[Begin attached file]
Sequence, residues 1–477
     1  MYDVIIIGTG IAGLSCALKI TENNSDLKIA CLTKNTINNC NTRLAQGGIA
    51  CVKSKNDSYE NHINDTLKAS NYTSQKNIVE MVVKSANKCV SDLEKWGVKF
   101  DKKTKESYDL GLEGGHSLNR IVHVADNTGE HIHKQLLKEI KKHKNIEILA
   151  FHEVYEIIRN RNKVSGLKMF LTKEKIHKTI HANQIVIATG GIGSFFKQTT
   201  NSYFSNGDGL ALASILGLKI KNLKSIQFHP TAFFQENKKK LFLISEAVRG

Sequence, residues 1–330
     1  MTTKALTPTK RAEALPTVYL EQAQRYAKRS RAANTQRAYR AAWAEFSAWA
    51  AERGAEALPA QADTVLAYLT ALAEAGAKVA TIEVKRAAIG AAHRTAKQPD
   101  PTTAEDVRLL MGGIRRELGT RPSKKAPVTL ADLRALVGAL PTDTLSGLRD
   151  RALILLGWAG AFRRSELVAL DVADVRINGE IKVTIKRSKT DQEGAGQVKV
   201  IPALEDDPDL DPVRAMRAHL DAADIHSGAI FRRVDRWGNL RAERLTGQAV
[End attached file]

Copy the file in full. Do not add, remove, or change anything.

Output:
Sequence, residues 1–477
     1  MYDVIIIGTG IAGLSCALKI TENNSDLKIA CLTKNTINNC NTRLAQGGIA
    51  CVKSKNDSYE NHINDTLKAS NYTSQKNIVE MVVKSANKCV SDLEKWGVKF
   101  DKKTKESYDL GLEGGHSLNR IVHVADNTGE HIHKQLLKEI KKHKNIEILA
   151  FHEVYEIIRN RNKVSGLKMF LTKEKIHKTI HANQIVIATG GIGSFFKQTT
   201  NSYFSNGDGL ALASILGLKI KNLKSIQFHP TAFFQENKKK LFLISEAVRG

Sequence, residues 1–330
     1  MTTKALTPTK RAEALPTVYL EQAQRYAKRS RAANTQRAYR AAWAEFSAWA
    51  AERGAEALPA QADTVLAYLT ALAEAGAKVA TIEVKRAAIG AAHRTAKQPD
   101  PTTAEDVRLL MGGIRRELGT RPSKKAPVTL ADLRALVGAL PTDTLSGLRD
   151  RALILLGWAG AFRRSELVAL DVADVRINGE IKVTIKRSKT DQEGAGQVKV
   201  IPALEDDPDL DPVRAMRAHL DAADIHSGAI FRRVDRWGNL RAERLTGQAV